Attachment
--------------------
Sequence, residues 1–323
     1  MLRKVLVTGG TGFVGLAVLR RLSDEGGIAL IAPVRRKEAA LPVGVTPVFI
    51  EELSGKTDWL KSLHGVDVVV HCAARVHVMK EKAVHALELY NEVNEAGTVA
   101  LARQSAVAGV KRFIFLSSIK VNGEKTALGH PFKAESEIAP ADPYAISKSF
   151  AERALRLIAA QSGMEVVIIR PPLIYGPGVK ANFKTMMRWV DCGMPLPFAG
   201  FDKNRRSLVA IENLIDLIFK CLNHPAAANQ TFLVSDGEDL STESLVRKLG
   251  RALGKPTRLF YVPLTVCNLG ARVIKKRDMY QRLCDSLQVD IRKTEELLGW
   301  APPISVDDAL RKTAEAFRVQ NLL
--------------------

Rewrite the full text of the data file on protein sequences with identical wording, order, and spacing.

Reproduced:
Sequence, residues 1–323
     1  MLRKVLVTGG TGFVGLAVLR RLSDEGGIAL IAPVRRKEAA LPVGVTPVFI
    51  EELSGKTDWL KSLHGVDVVV HCAARVHVMK EKAVHALELY NEVNEAGTVA
   101  LARQSAVAGV KRFIFLSSIK VNGEKTALGH PFKAESEIAP ADPYAISKSF
   151  AERALRLIAA QSGMEVVIIR PPLIYGPGVK ANFKTMMRWV DCGMPLPFAG
   201  FDKNRRSLVA IENLIDLIFK CLNHPAAANQ TFLVSDGEDL STESLVRKLG
   251  RALGKPTRLF YVPLTVCNLG ARVIKKRDMY QRLCDSLQVD IRKTEELLGW
   301  APPISVDDAL RKTAEAFRVQ NLL